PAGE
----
A. Call your bank―it might waive a late fee for a good customer. If you have a day or so before the payment is due, pay by phone or even overnight the check. That’s “usually cheaper than the late fee,” says Ellen Cannon, editor of, which offers financial-rate data.

The best strategy: Pay your bill on time, in full―even if your bank doesn’t like it. “In the industry, people who don’t carry a balance are called deadbeats,” says Cannon, “because they’ll never make money on you.” A smart way (for you) to do business.

Finance Charges, APRs, and Daily Rates

Q. I’ve paid off my balance. Why do I still see finance charges on my statement?
A. Some banks charge “trailing interest,” which accrues from the time your statement period ends until your payment is received. To avoid paying it, you need to clear your balance within 20 to 30 days (the standard grace period) of posting the charge. Yes, that means paying off the bill before you get it. (Ask your bank for a payoff amount and date.)

Another bank trick to watch out for: double-cycle billing. Here, a bank charges interest over two cycles (say, 60 days, not 30) instead of one. So even if you’ve paid off most of a bill, interest is calculated on the original, full amount for a longer span.

Q. My statement lists an APR and a daily rate. What’s the difference?
A. The APR is the annual percentage rate―the interest rate you’ll pay for the year if you carry over a balance. “All other period rates are based on the APR,” explains Scott Bilker, creator of, a website that helps consumers manage credit-card debt. “The daily rate is the APR divided by 365. The monthly rate is the APR divided by 12.” So by showing the daily and annual percentage rates, the bank is just doing the math for you.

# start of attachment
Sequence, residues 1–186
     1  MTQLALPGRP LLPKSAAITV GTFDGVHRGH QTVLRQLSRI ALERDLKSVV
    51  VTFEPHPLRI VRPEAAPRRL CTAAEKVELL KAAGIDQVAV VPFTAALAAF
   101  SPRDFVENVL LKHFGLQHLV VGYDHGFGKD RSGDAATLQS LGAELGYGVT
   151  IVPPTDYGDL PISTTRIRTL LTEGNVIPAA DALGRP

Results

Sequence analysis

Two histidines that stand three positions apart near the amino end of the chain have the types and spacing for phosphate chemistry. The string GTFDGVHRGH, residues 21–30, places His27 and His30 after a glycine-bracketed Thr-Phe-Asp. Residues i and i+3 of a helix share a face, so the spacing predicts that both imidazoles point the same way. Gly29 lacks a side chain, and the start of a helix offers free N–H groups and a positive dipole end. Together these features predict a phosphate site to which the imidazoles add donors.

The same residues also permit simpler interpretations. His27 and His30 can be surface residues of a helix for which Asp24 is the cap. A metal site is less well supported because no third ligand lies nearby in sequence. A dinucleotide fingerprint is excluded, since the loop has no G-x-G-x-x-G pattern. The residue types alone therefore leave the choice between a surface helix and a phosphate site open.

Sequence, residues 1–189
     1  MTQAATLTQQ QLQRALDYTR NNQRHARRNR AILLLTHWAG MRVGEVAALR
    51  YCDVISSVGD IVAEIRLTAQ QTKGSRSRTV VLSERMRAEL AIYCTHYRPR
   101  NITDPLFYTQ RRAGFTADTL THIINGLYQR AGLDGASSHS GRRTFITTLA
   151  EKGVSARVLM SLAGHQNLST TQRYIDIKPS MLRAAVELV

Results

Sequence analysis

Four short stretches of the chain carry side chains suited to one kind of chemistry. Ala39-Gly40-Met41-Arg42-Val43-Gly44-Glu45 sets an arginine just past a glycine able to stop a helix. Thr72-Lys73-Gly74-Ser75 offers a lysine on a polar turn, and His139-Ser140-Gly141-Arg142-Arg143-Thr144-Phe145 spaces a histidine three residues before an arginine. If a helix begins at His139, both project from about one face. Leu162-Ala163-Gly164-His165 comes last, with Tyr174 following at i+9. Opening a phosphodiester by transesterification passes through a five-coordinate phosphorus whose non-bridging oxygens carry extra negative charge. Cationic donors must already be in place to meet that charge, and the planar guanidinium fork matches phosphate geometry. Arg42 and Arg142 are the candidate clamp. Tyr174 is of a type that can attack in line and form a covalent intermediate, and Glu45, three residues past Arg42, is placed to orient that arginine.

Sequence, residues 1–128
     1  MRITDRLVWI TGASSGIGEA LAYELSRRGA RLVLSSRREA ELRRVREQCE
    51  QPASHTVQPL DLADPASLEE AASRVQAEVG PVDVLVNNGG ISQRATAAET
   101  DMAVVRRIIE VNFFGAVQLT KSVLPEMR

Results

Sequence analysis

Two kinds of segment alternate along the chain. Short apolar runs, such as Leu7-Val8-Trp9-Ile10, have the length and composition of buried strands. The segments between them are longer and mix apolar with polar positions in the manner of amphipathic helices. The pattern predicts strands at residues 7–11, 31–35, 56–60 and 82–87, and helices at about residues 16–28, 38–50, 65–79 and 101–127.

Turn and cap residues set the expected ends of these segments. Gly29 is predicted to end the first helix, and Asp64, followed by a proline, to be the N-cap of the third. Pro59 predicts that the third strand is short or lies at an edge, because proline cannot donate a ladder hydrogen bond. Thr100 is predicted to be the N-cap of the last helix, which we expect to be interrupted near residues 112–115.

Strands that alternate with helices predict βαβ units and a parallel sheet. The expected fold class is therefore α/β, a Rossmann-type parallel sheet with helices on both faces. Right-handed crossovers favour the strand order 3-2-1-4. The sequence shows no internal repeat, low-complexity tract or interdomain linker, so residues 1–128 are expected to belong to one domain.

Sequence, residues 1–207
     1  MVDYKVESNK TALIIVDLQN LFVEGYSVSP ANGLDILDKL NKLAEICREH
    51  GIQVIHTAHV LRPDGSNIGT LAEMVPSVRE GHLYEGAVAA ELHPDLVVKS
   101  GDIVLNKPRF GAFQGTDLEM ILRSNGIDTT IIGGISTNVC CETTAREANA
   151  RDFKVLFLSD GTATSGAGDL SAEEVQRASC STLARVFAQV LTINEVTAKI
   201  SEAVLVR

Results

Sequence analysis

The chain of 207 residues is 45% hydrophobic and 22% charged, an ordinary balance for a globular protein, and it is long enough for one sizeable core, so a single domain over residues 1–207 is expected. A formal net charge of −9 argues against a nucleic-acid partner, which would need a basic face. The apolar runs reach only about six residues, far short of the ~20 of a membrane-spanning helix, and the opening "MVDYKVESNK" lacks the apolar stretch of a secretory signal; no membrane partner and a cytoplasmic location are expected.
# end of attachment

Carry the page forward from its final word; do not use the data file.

Credit Agreements Terms, Balance Transfers

Q. Can my credit-card issuer change the terms of the credit agreement without my permission?
A. Yes, a card issuer can change credit terms anytime―an important point that’s probably in the fine print of your original credit agreement. The bank must notify you at least 15 days before the change takes effect. Unfortunately, the message usually arrives in an easily overlooked mailer, and continuing to use the card is an acceptance of the new terms.

If you’re not happy with the new terms, you have the option of closing the account, and some banks will then let you pay your balance under the old terms, says Joe Ridout, a spokesperson for Consumer Action, a nonprofit education and advocacy group.

Q. How often can I transfer balances? Is it bad to transfer to a new 0 percent card every time I get an offer?
A. You can move your debt around as much as you like. And that certainly seems smart if it means you’ll pay off debt quicker because no interest is accumulating. But always read the terms carefully so you know what you’re getting―which may be (after an initial-offer period) a higher interest rate. Be sure, also, that there are no costly fees. And don’t forget that when you apply for a new card, the resulting credit-report inquiry may drop your score.

Automatic Credit Limit Increases

Q. The bank increased my credit limit automatically. Is there any reason I should say no? Is it bad to ask the bank to increase my credit limit?
A. It’s usually not a bad idea to accept (or ask for) an increase. When you’re applying for new credit, lending institutions like you to have low credit usage―the total amount you’ve charged to your cards compared with your total available credit. Take a pass on an increase, though, if you need to reduce your credit limits, says Scott Bilker of “For example, you’re applying for a mortgage and the bank says you have too much available credit.” Banks want to feel sure that you’ll be able to repay a loan. Too much available credit might be an invitation to max out your cards.